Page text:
ADAPTING FOR THE FUTURE

Mexico 2018 | INDUSTRY | INTERVIEW

TBY talks to Radek Jelinek, President & CEO of Mercedes-Benz Mexico, on brand identity, NAFTA renegotiations, and evolution of the automobile industry.

Radek Jelinek

What are the drivers behind Mercedes-Benz's growth figures, and what is your strategy to continue to break records every year?

Mercedes-Benz has been around for over 130 years, and we have always been the leader in innovation. It is always a matter of representing a brand that is interesting for the premium market from the perspective of innovation, safety, and services, which are all important to the consumer. And from a design perspective, we maintain a sexy brand. It has also become more important for our employees and the public to not only see our products and services but also how we behave, what we give back to society, how we get involved in issues in Mexico specifically, and so on. The success of the brand first and foremost has to do with the product. Five years ago, we introduced the new A Class, a new generation compact car, and people truly love its design, sportiness, dynamics, and performance. We have done our homework not only in the compact segment, but also have impressive growth in the SUV segment, with 50-60% growth in SUVs depending on the country. Worldwide, Mexico is one of the top-five countries in terms of growth. In 2016, we had 36% growth and 22% in 2017. We are number one in the premium market in Mexico.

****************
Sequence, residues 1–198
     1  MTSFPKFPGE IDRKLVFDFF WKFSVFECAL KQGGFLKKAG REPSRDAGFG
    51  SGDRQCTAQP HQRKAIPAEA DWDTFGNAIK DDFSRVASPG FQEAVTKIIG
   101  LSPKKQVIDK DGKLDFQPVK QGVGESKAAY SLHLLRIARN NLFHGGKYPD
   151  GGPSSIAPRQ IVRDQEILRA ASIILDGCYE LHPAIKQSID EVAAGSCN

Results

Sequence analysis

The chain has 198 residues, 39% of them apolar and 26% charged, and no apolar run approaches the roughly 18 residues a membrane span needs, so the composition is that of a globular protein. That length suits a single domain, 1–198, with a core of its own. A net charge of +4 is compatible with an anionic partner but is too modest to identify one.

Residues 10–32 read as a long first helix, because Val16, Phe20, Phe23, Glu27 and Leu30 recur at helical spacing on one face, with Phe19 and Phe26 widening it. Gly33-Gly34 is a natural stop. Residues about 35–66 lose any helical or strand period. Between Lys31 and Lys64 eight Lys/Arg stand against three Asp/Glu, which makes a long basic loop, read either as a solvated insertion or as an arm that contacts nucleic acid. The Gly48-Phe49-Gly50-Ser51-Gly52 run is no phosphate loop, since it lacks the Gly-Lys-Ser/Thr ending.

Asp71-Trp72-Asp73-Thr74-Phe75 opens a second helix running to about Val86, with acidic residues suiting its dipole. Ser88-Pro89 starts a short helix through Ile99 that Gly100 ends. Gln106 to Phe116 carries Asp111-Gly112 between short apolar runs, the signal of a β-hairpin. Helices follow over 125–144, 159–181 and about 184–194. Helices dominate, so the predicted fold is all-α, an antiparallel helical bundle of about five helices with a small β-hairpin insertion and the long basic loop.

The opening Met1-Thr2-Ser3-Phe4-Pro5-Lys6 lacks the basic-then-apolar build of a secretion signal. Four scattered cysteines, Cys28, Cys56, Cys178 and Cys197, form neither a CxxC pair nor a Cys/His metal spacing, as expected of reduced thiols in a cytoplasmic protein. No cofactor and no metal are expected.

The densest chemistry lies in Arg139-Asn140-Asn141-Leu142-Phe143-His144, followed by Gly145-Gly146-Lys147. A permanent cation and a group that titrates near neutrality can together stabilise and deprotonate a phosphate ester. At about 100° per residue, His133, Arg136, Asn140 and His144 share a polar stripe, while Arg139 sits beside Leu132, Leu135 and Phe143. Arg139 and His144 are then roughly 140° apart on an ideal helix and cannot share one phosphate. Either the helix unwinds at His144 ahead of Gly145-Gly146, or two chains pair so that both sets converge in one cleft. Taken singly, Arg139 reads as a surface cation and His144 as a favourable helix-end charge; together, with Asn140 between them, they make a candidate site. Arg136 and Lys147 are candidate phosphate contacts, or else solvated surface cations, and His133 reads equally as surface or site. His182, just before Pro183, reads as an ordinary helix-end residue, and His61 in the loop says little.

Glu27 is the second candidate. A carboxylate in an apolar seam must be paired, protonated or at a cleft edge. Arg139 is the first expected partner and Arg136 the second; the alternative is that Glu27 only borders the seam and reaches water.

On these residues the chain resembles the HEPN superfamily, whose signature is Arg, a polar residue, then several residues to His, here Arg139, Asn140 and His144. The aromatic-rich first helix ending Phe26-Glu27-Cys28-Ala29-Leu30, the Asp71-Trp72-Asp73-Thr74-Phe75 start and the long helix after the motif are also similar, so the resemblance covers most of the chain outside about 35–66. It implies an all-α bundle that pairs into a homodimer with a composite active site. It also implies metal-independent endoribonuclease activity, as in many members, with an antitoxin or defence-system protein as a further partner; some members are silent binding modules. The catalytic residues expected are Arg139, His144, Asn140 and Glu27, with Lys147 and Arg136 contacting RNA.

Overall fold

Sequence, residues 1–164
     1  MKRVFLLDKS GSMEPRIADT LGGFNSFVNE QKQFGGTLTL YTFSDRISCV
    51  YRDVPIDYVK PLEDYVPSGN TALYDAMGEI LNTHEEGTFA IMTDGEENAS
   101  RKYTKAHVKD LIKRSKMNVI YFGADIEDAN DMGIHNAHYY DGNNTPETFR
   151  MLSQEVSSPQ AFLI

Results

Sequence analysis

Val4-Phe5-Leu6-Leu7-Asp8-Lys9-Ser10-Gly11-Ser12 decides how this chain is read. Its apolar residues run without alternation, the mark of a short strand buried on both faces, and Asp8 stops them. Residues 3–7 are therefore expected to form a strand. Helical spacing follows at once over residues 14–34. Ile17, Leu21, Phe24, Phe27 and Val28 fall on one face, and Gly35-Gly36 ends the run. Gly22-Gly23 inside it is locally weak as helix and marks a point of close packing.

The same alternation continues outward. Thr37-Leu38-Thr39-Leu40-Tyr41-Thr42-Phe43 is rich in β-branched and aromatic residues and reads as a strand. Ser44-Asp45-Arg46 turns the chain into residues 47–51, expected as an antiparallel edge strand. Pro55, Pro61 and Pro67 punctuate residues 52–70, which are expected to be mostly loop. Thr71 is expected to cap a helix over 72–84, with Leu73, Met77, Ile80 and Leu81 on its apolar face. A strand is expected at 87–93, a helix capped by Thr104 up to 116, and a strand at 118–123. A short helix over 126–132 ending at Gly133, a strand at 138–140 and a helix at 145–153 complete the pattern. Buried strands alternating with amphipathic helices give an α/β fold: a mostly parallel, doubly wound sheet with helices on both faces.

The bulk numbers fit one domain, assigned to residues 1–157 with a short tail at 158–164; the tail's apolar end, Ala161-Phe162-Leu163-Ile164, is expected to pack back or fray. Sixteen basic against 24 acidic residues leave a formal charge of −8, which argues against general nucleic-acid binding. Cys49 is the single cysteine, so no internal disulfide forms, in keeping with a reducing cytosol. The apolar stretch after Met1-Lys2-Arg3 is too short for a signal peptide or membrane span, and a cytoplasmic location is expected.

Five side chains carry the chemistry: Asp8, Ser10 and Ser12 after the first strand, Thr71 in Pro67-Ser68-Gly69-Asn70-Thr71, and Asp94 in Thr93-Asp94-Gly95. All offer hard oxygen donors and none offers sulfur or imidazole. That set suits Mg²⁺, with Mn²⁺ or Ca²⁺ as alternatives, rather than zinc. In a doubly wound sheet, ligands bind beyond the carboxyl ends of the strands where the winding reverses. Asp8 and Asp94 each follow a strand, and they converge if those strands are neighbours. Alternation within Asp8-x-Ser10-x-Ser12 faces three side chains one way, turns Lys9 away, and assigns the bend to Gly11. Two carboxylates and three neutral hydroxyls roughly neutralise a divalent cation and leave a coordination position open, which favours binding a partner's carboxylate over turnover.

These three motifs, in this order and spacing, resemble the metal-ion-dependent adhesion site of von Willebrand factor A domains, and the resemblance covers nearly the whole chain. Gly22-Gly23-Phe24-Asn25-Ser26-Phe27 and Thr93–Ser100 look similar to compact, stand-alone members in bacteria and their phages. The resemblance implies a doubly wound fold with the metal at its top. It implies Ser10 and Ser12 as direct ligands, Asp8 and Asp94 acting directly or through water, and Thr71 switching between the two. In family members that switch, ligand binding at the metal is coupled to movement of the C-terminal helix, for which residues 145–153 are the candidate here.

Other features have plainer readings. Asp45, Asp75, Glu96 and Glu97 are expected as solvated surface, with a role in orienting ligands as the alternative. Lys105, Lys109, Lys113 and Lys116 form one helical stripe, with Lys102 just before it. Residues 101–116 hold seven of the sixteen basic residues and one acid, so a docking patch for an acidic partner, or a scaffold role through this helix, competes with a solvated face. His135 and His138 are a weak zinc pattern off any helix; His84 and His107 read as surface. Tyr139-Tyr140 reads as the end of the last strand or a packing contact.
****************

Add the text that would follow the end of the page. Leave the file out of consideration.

How did you decide to construct a manufacturing facility in Aguascalientes?

There are two reasons for being in Mexico: to be part of NAFTA, which is important for the US, Canadian, and Mexican markets, and because Mexico today is number five from a manufacturing perspective worldwide and is one of the big players with excellent quality, labor laws to be fast and flexible on decisions, a large pool of young people, and great support from the different regions and the Mexican government. Overall, it is a great country for investment; the local market is growing and is close to the other NAFTA markets. Mexico also has great trade agreements with the European community.

How do you foresee NAFTA renegotiations impacting Mercedes-Benz in Mexico?

I expect there to be a discussion on the level of numbers. The main point is the US' large trade deficit and the issue is not Mexico but Asia—specifically China. At some point, the US needs to look at the real issues. I do not expect major changes, and we still have the World Trade Organization even if NAFTA is canceled or things end up drastically different. I am in fact largely unbothered because I hope people understand the business, and we are positive overall. We will proceed with our project in Aguascalientes and with our strategy.

What have been the results of Mercedes' innovation processes?

Our AMG cars, which are our high-performance cars, have 25-30% less fuel consumption compared to the previous model; traditional engines are being optimized. We recently introduced hybrid cars into the Mexican markets and will introduce more in 2018; therefore, this is the next step before fully electric cars arrive. Electric cars are the future and will arrive fairly quickly so innovation will be essential, not only for Mercedes-Benz but everyone. The entire automobile industry is changing and we do not want to become like Nokia or Kodak; we are currently successful because we are adapting. Cars are evolving into multimedia products and we need all kinds of different people working for us: more millennials and digital experts, and perhaps fewer engineers looking into the engines, especially in the future when we are talking about electric cars. Many things are also changing for our dealer network and retail; retailers will be needed, though perhaps in a different way and this will be from the perspective of commercialization.